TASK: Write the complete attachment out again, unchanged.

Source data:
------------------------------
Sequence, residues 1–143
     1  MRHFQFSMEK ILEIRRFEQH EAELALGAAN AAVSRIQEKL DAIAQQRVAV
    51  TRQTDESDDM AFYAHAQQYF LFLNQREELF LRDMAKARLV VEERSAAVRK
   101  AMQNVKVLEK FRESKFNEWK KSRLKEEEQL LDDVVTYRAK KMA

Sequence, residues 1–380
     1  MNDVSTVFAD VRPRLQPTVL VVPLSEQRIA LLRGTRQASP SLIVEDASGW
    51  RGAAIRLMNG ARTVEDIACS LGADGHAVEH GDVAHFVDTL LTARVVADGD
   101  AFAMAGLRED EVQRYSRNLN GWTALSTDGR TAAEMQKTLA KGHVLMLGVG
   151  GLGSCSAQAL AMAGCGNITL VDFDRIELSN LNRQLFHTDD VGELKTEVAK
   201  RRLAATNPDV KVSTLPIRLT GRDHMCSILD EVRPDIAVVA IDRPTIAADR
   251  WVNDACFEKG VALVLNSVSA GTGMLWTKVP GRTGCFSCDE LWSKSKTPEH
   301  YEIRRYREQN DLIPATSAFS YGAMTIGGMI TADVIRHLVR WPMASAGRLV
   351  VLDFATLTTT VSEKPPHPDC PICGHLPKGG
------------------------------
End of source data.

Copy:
Sequence, residues 1–143
     1  MRHFQFSMEK ILEIRRFEQH EAELALGAAN AAVSRIQEKL DAIAQQRVAV
    51  TRQTDESDDM AFYAHAQQYF LFLNQREELF LRDMAKARLV VEERSAAVRK
   101  AMQNVKVLEK FRESKFNEWK KSRLKEEEQL LDDVVTYRAK KMA

Sequence, residues 1–380
     1  MNDVSTVFAD VRPRLQPTVL VVPLSEQRIA LLRGTRQASP SLIVEDASGW
    51  RGAAIRLMNG ARTVEDIACS LGADGHAVEH GDVAHFVDTL LTARVVADGD
   101  AFAMAGLRED EVQRYSRNLN GWTALSTDGR TAAEMQKTLA KGHVLMLGVG
   151  GLGSCSAQAL AMAGCGNITL VDFDRIELSN LNRQLFHTDD VGELKTEVAK
   201  RRLAATNPDV KVSTLPIRLT GRDHMCSILD EVRPDIAVVA IDRPTIAADR
   251  WVNDACFEKG VALVLNSVSA GTGMLWTKVP GRTGCFSCDE LWSKSKTPEH
   301  YEIRRYREQN DLIPATSAFS YGAMTIGGMI TADVIRHLVR WPMASAGRLV
   351  VLDFATLTTT VSEKPPHPDC PICGHLPKGG